We all have tropes and plot devices that we dislike. For some it’s alpha males, mean girls, or a dead character not actually staying dead. Of course, everyone has their reasons for disliking a certain trope, and they’re all pretty much valid (unless you’re tired of see f/f romances or “diversity for the sake of diversity” or something similar, in which case go away.) And what doesn’t work for some, is another person’s crack. However, one romantic trope that seems to be universally disliked is the dreaded Love Triangle.
Typically, you can see a love triangle coming from a mile away. Key phrasing on the dust jacket alone can send up glaring red flags. I know a lot – A LOT – of readers who go running at the first sign of a romantic polygon, and I understand, to a point. But as someone who isn’t quite as invested in romances the way many readers seem to be, I’m here to tell you why I don’t think they’re the most terrible blight upon our fiction.
First of all, these are teens we’re talking about. I know that a ton of people married their first significant other, but high school sweetheart forevers aren’t typical. What is typical, is the rapid-changing heart of a teenager who is totally enamored by one boy this week, but comes back to school on Monday with eyes only for… someone else. When I was in high school, which wasn’t very long ago, it wasn’t unheard of to see couples breaking up and within days each separate half finding someone new. What was rare was to see couples stay together for years. I’ve lived both experiences and I feel pretty safe in saying that most teenagers are in fact lead by hormones and thus ride those waves from person to person, at least for a little while. This isn’t discounting the things teenagers feel – of course, it is all genuine and it is intense and I’d never for a second disbelieve any of it. These feelings are real, however fleeting, and so I find it perfectly acceptable that a teenager will have multiple romantic endeavors over the course of a book or series.
People love in different ways. I’ve heard so many times that it’s only possible to be in love once, and if you fall in love with someone else (even later in life!) then one of the relationships wasn’t Real Love. First of all, f you very much for policing another person’s relationships and trying to invalidate their feelings. Second, what works for you doesn’t necessarily work for someone else. A teenager who grows up to be a poly adult will likely go through a string of relationships that are already complicated without other people’s judgment. When you’re that young, it’s hard to put into words the things you’re feeling, especially if those feelings go against the grain of mainstream society. Now, I’m not saying that every girl who finds herself at a point of a love triangle is polyamorous, but I’d caution against passing judgment on young people growing up and getting to know themselves.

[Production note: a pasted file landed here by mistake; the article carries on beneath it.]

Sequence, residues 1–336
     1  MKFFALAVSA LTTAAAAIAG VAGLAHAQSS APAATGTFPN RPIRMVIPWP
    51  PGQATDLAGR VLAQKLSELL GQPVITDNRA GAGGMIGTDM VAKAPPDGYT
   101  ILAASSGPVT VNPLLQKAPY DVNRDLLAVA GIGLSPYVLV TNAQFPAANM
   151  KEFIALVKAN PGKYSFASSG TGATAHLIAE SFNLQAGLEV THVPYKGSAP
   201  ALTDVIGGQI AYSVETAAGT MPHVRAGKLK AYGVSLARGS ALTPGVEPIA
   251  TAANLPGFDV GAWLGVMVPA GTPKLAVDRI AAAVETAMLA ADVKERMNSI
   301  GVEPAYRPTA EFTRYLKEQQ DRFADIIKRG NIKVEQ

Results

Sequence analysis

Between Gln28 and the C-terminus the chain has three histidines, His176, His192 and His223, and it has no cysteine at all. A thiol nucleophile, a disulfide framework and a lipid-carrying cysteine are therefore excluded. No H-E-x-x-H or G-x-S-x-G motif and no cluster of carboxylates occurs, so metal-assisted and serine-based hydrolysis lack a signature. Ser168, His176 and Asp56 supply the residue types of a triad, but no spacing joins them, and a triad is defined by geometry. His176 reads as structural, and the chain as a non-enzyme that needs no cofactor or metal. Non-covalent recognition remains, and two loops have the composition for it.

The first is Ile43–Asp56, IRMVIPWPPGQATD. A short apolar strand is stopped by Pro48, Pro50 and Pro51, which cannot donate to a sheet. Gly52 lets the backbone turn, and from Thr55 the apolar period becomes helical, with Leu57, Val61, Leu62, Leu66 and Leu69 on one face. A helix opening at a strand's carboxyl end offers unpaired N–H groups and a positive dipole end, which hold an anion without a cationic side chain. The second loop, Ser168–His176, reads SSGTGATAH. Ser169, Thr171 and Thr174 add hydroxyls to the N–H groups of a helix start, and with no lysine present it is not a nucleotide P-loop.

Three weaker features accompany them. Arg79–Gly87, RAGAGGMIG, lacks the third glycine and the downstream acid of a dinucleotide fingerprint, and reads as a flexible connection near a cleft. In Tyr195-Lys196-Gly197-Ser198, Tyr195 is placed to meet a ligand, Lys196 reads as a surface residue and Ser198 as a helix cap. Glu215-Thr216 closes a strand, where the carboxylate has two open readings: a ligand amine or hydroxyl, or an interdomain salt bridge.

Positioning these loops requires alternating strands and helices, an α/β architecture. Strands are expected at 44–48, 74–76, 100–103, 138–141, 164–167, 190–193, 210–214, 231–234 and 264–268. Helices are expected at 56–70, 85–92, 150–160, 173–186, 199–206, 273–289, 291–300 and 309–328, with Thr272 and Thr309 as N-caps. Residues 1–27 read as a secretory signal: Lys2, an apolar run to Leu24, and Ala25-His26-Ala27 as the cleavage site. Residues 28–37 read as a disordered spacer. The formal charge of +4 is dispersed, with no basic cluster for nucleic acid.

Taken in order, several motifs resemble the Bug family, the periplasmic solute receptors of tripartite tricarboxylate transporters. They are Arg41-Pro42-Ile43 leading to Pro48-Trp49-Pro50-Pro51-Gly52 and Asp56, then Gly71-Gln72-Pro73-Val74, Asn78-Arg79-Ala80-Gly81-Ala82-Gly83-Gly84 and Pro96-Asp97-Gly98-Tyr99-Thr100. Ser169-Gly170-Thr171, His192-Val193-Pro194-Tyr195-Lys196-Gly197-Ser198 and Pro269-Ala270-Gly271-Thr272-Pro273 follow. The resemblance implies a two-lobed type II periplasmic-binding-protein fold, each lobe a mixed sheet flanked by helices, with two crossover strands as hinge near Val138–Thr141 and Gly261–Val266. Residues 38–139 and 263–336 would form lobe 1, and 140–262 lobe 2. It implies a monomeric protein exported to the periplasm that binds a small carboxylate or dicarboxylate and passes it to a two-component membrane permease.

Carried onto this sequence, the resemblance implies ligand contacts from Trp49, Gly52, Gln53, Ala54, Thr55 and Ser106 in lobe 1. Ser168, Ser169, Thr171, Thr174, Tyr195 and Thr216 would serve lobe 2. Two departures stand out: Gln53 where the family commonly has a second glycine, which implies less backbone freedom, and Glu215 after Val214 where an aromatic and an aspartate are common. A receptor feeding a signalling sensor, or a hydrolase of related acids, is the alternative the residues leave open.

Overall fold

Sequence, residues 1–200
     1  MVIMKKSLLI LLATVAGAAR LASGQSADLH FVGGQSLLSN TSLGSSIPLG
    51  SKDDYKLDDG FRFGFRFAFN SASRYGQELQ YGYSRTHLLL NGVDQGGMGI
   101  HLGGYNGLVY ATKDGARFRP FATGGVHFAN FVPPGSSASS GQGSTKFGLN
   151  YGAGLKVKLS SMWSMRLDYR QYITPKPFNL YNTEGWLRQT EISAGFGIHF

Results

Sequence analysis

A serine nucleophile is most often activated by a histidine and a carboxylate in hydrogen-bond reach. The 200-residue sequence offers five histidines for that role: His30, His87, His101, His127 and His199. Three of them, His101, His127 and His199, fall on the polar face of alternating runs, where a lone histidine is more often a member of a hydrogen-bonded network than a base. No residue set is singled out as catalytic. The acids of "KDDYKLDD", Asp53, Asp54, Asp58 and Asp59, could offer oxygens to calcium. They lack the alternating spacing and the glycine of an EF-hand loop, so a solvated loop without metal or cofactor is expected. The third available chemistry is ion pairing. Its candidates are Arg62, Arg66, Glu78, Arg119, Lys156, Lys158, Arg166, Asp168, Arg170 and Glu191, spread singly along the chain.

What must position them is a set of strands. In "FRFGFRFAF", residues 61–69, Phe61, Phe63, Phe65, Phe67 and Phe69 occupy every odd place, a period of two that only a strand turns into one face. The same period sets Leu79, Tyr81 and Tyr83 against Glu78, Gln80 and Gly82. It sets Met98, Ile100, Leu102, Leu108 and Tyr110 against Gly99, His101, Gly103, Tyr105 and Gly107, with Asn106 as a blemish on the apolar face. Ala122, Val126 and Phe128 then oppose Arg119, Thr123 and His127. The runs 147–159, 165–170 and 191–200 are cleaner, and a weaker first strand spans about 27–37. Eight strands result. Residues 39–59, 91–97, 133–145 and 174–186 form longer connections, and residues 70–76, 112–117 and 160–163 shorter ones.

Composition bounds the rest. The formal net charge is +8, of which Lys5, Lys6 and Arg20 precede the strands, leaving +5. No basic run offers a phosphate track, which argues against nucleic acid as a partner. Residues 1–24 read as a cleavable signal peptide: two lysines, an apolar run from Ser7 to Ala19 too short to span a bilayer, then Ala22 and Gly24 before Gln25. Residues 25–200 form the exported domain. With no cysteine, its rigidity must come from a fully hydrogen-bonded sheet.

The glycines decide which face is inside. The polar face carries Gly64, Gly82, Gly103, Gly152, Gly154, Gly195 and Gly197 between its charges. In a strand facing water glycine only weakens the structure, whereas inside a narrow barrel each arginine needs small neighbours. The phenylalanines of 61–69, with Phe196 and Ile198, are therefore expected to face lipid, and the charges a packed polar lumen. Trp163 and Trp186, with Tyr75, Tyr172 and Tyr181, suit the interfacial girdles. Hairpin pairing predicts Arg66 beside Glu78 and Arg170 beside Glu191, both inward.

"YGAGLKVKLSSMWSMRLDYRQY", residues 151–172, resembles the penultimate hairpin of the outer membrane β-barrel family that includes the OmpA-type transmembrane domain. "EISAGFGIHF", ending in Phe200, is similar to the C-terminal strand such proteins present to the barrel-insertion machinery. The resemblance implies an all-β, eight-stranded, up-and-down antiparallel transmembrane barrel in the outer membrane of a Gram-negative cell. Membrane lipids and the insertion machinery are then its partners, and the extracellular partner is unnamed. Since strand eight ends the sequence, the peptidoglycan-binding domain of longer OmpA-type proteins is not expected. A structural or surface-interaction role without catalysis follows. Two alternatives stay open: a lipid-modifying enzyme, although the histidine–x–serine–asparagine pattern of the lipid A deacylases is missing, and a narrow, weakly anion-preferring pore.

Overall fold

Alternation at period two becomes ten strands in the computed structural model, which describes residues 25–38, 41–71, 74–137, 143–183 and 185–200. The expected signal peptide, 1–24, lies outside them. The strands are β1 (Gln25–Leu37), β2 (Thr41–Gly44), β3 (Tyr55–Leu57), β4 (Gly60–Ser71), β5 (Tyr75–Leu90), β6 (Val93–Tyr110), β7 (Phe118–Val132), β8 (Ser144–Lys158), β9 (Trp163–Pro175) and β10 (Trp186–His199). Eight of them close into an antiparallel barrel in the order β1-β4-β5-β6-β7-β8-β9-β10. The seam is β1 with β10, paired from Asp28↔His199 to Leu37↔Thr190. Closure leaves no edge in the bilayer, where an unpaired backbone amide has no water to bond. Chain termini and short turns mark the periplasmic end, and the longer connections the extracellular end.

Now, for a less serious note, love triangles are just plain fun. I’m not an advocate for leading someone on or manipulating someone who loves you (but those things do happen – and often – no matter the person’s intentions.) But I do love the good back-and-forth of a love triangle. Often in YA, each boy represents a different side of the girl. In fiction, the stakes are higher, and so choosing one boy isn’t as simple as choosing who to kiss – it’s choosing which path you want your life to take. It’s choosing what kind of person you want to be. The boys aren’t just boys, but their metaphors and that’s almost always a lot of fun. And who doesn’t love a hot love interest? Why not add another! You get all the perks of YA romance, doubled.
I know I’m one of the few, but I just don’t think love triangles are of the devil the way most readers seem to. I don’t go seeking them out, but I also don’t do anything to avoid them. I don’t like them when they’re forced, but if an author is forcing a love triangle, odds are there are many other things wrong with their book and I’ll skip it, love triangle or no. A few of my favorite love triangles are from books like The Hunger Games, The Wrath and the Dawn, Throne of Glass, and Confessions of Georgia Nicolson.
What do you think of love triangles? Are there any other romance tropes that you like but everyone else seems to hate? Let me know!